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Babel, Isaac

DiGrasso

Oh, aren’t we lucky!? A double-bluffed, double-dipped, double-headed dose of Isaac Babel. When you’ve had a listen here and discover that you’re still running low on your recommended daily serving of Babel, you might head here to find a new recording of an old reading of another one.

And because I’m not above shallow attempts to inveigle you into listening, let me mention that this story includes a pivotal scene with one man sucking the blood from the neck of the other. How’s that for a quick million?

Also, note that tomorrow (7th January 2010) will feature the debut of my audio recording of Jon Frankel’s The Man Who Can’t Die. I’m not as good at pure self-promotion as a I am inveigling, or else you would have found out about this podcast through some anthropomorphic cartoon string bean singing a jingle about it on the television. But I’m excited about it and hope you are too.

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Bowles, Jane

Emmy Moore’s Journal

(credit: LIFE Magazine)

There was a time when I was little (and I was so cute, and so little!) when I wanted to be Jane Bowles. I was obsessed with the puppet show, unhealthily so, though thinking back now, I can’t think of any self-respecting adult who’d have introduced such a cute little thing to it.

But so I did not grow up to be Jane Bowles, nor a master puppeteer, though I’m lucky to have grow up (more or less) to be the sort of girl who’s still really excited to find a hefty copy of her collected works in a used bookshop in a far off town.

That said, I’m also the sort of girl to take her dog swimming in a hotel pool, so that’s quite enough autopanegyric.

A story:

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Birrell, Heather

Trouble at Pow Crash Creek

It’s probably one of the better things in life — right up there with creative breakthroughs and lasting love and the slurp of streetside oysters — to have one’s hat tipped to new and great authors. In my case, it doesn’t happen often, because I’m finicky and discriminating with my own tastes, or as others have said, snotty. Some of my closest friends, in fact, have sworn never again to share enthusiasm of their own discoveries, for fear of my response. I’m not proud of this.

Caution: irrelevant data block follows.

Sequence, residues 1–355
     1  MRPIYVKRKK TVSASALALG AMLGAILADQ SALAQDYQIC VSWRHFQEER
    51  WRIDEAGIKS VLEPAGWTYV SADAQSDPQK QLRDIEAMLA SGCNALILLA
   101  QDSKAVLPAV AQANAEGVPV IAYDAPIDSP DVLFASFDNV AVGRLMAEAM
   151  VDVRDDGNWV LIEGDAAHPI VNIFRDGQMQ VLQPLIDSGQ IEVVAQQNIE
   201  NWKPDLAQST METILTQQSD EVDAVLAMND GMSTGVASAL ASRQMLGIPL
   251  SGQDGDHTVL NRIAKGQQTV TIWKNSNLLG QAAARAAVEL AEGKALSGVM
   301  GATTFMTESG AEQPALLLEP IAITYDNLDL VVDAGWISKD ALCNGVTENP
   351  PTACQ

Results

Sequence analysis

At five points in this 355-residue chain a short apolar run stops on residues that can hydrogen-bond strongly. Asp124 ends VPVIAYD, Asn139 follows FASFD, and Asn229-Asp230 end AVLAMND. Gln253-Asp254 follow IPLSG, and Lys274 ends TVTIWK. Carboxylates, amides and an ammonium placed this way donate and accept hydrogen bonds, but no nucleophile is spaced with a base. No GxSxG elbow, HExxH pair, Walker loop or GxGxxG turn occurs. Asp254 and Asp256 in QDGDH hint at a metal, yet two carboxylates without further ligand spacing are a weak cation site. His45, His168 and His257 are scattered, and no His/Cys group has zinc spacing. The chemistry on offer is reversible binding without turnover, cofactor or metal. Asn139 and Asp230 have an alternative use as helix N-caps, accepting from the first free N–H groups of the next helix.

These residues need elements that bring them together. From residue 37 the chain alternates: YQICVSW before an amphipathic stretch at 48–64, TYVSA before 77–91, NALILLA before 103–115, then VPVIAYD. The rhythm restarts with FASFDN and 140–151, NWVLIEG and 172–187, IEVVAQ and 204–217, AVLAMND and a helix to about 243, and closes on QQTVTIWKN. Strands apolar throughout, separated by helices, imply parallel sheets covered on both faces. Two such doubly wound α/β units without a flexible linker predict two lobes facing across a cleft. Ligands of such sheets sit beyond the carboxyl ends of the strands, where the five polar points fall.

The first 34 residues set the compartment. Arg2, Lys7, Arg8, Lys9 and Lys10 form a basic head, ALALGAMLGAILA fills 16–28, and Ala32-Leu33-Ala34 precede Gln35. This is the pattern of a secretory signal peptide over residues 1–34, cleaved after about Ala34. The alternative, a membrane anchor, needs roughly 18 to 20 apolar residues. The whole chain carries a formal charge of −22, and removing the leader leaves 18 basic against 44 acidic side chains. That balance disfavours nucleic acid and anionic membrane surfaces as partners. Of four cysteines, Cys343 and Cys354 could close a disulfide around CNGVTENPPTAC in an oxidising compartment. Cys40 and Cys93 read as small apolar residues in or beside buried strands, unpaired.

So, several months ago, I may or may not have been at a certain big bookish event, and I may or may not have chatted briefly with a representative of an independent publisher known for foresightedness and inventiveness and openmindedness and other qualities sometimes surprising of publishing types. And during this chat, that may or may not have happened, the publisher may have mentioned an author in her catalogue that may (or may not) gel with my very fussy and finicky tastes, and later, I may or may not have gotten my sticky mitts on an illicit copy of that author’s book of short stories.

And it’s hard to say whether or not any of this actually happened, or whether or not this story is related to that anecdote. I mean, it was several months ago, and we all know what happens to memory. But however I may have come across tonight’s author, when I did it was not unlike experiencing a breakthrough while slurping an oyster on the street with one’s lasting love.

If we’re lucky, you’ll feel the same.

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Leiber, Fritz

Space-Time for Springers

Can I tell you something about my speculative fiction habits? Of course I can– this my barroom restroom wall and the red marker’s in my slimy mitt.

Here’s the thing: I just love stories about sentient animals. I can’t get enough of talking dogs or super-intelligent rats or telekinetic polar bears– this is the stuff of unconditional love. And I know the analogies presented in this trope can only go so far, sure. But I don’t care– I could start a website called Miette’s Podcasted Stories of Intelligent Animals, and be perfectly happy doing so.

As it is, looking through the archives, there’s not much represented here yet — there’s the Saki, which is hilarious, and now Leiber, which is one of those that will hopefully make you check yourself in the mirror and pucker your nose in search of a stray whisker. I have several others in mind, but meanwhile, do feel free to fill it with your suggestions as well.

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Joyce, James

An Encounter